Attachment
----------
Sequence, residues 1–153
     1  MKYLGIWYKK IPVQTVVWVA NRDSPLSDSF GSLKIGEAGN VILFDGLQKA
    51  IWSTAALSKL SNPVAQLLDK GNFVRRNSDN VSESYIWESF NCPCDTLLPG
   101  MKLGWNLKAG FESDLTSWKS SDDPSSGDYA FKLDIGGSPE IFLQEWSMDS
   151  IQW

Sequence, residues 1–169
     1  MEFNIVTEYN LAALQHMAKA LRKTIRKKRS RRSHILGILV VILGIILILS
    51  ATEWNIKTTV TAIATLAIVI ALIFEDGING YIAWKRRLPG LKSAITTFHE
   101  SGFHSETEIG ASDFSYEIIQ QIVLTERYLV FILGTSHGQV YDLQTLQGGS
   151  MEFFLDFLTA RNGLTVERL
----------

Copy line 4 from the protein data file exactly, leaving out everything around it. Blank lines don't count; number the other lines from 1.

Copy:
   101  MKLGWNLKAG FESDLTSWKS SDDPSSGDYA FKLDIGGSPE IFLQEWSMDS